The Cardinals added some middle infield depth early on Friday by signing free-agent shortstop Ruben Tejada to a one year 1.5 million dollar contract. Tejada, who is 26 years old, was placed on waivers by the New York Mets earlier last week. Prior to being waived by the Mets, Tejada was scheduled to make $3 million in the upcoming season.
There was speculation earlier in the week that the Cardinals would submit a waiver claim for Tejada after learning all-star shortstop Jhonny Peralta will be out until the middle of the season with a thumb injury. If the Cards had claimed Tejada off waivers, they would have been on the hook for the entire $3 million owed him. When Tejada cleared waivers, however, he became a free agent, and a new contract would have to be agreed upon.
Tejada was signed by the Mets as a 16-year-old from Panama in 2006. Throughout the early part of the decade he was considered one of baseball’s top prospects and the heir apparent to shortstop Jose Reyes. Tejada made his major league debut in 2010, playing in 78 games primarily in a backup role with 216 at bats and a .213 average. The following two seasons, however, Tejeda seemed to blossom into a major league talent. In 2011, he played in 96 games with a batting average of .284 and an on-base percentage of .360, and in 2012, he played in 114 games, batting .289 and was on base at a .333 clip. The Mets fell out of love with Tejada the following season, questioning his work ethic and motivation, and after a poor start to the 2013 season, Tejada was returned to the minors for what the team called “poor conditioning.” Tejada was told to slim down and get in better shape prior to the 2014 season, which he did, however he never regained the stats from the prior seasons. In 2014 and 2015, Tejada played in a combined 235 games with a .249 average. For his career, Tejada is a .255 hitter with 10 homeruns, 99 doubles, 148 RBIs, and an on-base percent of .330. He has 328 career strikeouts compared to 187 career walks and a total of 16 stolen bases (out of 27 attempts).
Despite the declining offensive numbers, the Cardinals needed to find someone to fill the role of Peralta until he returns from injury, and Tejada has more experience at short than possible in-house options Jed Gyorko, Greg Garcia, and Aledmys Diaz. With the high amount of ground balls the Cardinals pitching staff generates, that experience will come in useful to the club. Manager Mike Matheny said Friday that the team was looking for a shortstop “to catch the ball and make plays.” When describing Tejada, Matheny stated, “I like what I’ve seen. And I also know that he’s out to get better, too. This is a great place for him to work and get better.” Under the tutelage of Jose Oquendo, that may certainly be true (don’t forget, a few years ago, there was significant question about Peralta’s defense). Oquendo may have his work cut out for him, however. In 2015, Tejada ranked near the bottom in most defensive categories among MLB shortstops. This may be an outlier year, however. In earlier years in his career he was considered an average to slightly above average defensive player.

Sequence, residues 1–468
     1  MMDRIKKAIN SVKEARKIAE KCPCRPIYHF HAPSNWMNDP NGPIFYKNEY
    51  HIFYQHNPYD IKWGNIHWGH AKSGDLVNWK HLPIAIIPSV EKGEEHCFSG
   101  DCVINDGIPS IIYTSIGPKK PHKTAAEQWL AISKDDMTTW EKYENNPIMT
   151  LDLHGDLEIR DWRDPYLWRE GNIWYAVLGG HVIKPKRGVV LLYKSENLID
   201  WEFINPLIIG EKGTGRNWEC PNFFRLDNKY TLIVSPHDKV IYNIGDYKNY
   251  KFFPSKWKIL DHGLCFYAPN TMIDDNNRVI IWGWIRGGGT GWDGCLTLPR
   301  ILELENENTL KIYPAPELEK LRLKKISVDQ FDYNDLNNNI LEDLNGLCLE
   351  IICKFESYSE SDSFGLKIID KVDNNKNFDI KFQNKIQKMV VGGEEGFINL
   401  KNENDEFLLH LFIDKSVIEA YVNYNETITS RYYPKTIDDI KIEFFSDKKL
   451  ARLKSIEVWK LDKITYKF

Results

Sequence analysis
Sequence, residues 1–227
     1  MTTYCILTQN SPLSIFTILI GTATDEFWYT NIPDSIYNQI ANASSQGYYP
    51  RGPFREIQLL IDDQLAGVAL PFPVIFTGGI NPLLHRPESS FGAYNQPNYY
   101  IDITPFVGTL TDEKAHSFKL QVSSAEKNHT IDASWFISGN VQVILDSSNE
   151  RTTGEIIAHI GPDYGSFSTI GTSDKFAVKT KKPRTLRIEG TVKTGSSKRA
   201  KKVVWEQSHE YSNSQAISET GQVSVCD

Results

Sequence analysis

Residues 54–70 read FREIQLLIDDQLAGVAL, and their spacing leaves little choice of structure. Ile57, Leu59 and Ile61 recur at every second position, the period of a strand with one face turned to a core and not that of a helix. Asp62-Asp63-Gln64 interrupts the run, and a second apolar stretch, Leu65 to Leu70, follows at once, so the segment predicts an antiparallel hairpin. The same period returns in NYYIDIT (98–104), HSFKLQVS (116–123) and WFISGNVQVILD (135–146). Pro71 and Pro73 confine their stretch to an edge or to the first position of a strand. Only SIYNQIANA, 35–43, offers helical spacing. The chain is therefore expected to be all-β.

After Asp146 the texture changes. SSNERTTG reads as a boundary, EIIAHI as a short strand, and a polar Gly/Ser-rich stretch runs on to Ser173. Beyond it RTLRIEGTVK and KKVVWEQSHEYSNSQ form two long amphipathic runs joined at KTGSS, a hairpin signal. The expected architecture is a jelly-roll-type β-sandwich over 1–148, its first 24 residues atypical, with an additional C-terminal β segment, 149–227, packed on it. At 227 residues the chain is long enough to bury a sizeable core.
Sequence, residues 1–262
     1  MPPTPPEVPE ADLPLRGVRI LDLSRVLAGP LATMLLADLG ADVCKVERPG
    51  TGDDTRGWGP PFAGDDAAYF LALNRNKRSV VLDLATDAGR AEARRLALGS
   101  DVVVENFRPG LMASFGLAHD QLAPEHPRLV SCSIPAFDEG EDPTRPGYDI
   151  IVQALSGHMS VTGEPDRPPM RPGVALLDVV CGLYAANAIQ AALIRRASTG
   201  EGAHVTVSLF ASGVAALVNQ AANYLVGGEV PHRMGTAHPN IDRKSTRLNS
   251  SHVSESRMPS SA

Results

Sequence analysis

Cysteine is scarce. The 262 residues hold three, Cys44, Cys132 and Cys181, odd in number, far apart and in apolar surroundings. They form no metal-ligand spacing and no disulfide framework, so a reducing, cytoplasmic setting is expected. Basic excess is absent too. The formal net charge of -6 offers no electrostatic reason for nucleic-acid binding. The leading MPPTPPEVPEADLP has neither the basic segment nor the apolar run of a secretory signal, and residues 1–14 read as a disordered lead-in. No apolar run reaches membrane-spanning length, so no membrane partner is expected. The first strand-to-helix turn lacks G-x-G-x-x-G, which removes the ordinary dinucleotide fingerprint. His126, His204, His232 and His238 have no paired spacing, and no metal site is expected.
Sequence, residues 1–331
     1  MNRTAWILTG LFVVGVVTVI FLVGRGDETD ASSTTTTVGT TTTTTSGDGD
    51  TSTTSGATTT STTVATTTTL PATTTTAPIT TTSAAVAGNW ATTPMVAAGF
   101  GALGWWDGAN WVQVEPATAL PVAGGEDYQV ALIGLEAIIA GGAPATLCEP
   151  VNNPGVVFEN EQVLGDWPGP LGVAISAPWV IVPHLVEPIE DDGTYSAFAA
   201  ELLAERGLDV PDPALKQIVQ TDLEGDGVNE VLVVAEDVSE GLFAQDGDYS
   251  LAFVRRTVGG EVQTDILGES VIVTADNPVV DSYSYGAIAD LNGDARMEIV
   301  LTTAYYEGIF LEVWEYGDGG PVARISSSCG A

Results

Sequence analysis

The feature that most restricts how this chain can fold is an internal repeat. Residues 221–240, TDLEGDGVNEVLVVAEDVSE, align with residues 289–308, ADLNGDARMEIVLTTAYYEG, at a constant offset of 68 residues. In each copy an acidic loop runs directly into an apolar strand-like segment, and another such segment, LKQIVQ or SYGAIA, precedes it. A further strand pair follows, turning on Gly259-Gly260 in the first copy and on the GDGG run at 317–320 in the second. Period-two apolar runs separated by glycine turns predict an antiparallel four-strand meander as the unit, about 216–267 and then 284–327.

Tejada will also provide the team with some versatility. He is best used as middle infielder with 397 career games as a shortstop and another 110 at second base, but is also capable to spot at third, where he has 18 games. This versatility will be a welcomed benefit to the team that saw both middle infielders wear down by the end of last season. This will allow for some rotation between Tejada, Gyorko, Kolten Wong, and possibly Matt Carpenter to help keep players fresh (Greg Garcia will also likely be in the mix as well). This may be especially true against opposing lefties; Tejada bats a career .281 against left-handers, thus I expect him to be used to spell Wong at second base on many of those occasions.
With the acquisition of Tejada, the Cards sent Aledmys Diaz to triple-A Memphis Redbirds spring camp. Having gone down to double-A Springfield many times over the last two years, I have become quite the fan of Diaz, and I can say this is a good move for him. He is still refining his swing and he needs to play where he can get 3 at-bats a day, which was not going to happen in St. Louis (yet). Diaz currently has no major league experience and only has a small amount of time at the AAA level, which he got near the end of last season. During that time he had 50 at-bats where he batted an impressive .380, and it looks like he will continue to improve for a probable call-up later this season.
Overall, this is probably a good move for the Cardinals. It is pretty low risk, at only $1.5 million and one year. If Tejada doesn’t work out, they can cut ties to him in a couple of months and use Gyorko and Garcia to back up Peralta. If Tejada regains some of what led him to be a top prospect, he is only 26, and the Cardinals could be in a prime position to give him a long-term extension. Tejada likely has significant incentive to perform as well, as this year may well be the crossroads in his career. If he is cut a second time in one season, he may find it hard to find a job in the future, but if he plays well, there will likely be many suitors for a young productive shortstop. Either way, the first three months of the season promise to be very interesting at short.
Dave Sanders is a professor of economics and sports economist at St. Louis University. He can be reached at email@example.com